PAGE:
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When it comes to experience on Tour there aren't too many players with more than Scott Hend. The 48-year-old Aussie is a three-time European Tour winner, a 10-time Asian Tour winner and even a former PGA Tour player who topped the driving distance charts in the mid-2000s.
Turning professional in 1997, Hendy has been through the good and the bad times, with the Aussie recently stating that he has lost $50,000 this year alone with nine missed cuts from nine starts to show for it.
Some un useful info for the Golf Fans out there.... So far in 2022 I've missed 9 from 9 cuts and haven't made a cent.... I've been on the road playing since 17th Jan. I have burnt through approx $50k usd. This is Pro Golf people and I love it. Better times coming soon. #golflife pic.twitter.com/erx5DyqMKNApril 1, 2022
In a tweet released by Hend, the Aussie writes: "Some un useful info for the Golf Fans out there.... So far in 2022 I've missed 9 from 9 cuts and haven't made a cent.... I've been on the road playing since 17th Jan. I have burnt through approx $50k usd. This is Pro Golf people and I love it. Better times coming soon. #golflife"
Along with the tweet, the three-time European Tour winner added that the $50k doesn't include all his funds at home, with Hend going on to say that a Tour professional will usually hope to make enough money from sponsorship deals with different companies to cover their expenses for the year.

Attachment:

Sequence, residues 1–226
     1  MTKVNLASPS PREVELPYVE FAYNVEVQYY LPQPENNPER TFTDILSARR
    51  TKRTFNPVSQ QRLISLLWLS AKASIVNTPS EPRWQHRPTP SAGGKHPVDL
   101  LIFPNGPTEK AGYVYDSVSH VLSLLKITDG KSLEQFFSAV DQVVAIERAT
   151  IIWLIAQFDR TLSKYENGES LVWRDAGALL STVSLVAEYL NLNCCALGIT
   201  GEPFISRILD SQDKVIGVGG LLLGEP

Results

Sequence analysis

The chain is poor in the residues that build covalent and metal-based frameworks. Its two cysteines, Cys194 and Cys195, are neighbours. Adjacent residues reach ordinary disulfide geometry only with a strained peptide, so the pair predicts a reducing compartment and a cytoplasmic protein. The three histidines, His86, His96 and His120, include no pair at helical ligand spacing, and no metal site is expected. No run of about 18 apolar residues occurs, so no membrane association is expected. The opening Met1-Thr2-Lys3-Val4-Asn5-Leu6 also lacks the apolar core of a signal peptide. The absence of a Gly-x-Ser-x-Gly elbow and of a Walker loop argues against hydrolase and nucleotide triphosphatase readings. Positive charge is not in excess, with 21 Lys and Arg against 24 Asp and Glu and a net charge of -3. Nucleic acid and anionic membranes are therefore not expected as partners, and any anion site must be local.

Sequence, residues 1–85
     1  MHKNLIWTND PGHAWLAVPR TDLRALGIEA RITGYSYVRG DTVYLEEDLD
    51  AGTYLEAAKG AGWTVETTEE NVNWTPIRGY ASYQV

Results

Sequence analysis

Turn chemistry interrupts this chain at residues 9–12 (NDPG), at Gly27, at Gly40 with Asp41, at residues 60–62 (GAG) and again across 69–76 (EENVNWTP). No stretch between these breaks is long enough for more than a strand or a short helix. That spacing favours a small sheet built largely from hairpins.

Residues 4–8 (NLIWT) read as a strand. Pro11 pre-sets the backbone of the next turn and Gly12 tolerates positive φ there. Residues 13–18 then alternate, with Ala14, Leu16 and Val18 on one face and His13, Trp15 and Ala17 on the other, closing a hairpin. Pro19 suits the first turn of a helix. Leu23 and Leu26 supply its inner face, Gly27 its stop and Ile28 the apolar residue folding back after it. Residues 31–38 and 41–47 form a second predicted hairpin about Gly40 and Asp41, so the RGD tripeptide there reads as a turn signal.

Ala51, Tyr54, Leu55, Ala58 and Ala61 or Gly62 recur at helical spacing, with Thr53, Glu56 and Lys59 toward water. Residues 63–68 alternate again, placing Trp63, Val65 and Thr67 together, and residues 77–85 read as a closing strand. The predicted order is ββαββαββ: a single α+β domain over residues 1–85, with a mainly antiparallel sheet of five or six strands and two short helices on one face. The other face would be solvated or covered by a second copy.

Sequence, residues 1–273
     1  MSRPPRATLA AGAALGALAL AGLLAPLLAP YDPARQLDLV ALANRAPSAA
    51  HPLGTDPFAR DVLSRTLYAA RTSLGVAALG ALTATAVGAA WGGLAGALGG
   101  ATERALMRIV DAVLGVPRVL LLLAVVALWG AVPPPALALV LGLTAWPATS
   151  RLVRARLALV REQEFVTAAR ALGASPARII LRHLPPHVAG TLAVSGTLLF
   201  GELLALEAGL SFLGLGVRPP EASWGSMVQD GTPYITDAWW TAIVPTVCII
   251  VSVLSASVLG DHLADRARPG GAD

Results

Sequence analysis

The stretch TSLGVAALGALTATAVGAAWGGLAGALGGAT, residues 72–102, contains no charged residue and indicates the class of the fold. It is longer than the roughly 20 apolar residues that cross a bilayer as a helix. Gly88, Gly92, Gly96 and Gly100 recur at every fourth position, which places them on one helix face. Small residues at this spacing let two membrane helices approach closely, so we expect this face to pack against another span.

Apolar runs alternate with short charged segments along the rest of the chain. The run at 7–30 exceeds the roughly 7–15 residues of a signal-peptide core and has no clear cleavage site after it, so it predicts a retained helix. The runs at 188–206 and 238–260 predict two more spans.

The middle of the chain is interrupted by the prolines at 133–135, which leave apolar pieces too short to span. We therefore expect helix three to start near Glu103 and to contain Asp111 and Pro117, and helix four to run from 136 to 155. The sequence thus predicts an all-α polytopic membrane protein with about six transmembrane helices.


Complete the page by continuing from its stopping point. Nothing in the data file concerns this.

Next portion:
Hendy may be a Tour veteran of 25 years, but burning $50,000 in a matter of months will still sting! However, it does display the brutal and pressurised nature of Tour life, with many Tour professionals needing to pick up decent placings to just break even.
This was the case with American, Danielle Kang, who recently revealed that, despite making $6,000 in one tournament, she still didn't break even for the week. (opens in new tab)
Speaking at The Chevron Championship (opens in new tab), Kang explained that: "I'm lucky enough to not worry about some of the cash prizes and things like that. I understand sometimes when people look at how much money we make they get thrown off about you're making extra amounts and you're making this much and you're just complaining.
"Let's kind of look at it from a broader perspective. I'm one player. How about the average tour players? I made $6,000 last week, made the cut; I didn't break even last week. That's me budgeting. I have to drive, rent a car, get a hotel room. Luckily enough for me I'm sponsored by BMW that provides the car for me. That saves like $500, $1000 etc.
"We have to think about all these things. So for us, when companies step up and give us an opportunity to make a living, make the tour better and broader and for players to compete and to be an actual job, it's nice to see that."
Matt studied Sports Journalism at Southampton Solent University, graduating in 2019. Now a freelance writer for Golf Monthly and the PGA, he covers all aspects of the game, from Tour news to equipment testing and buyers’ guides. Taking up the game at the age of six, Matt currently holds a handicap of 3 and despite not having a hole in one…yet, he has had two albatrosses. His favourite player is Rory McIlroy, despite nearly being struck by his second shot at the 17th during the 2015 BMW PGA Championship.
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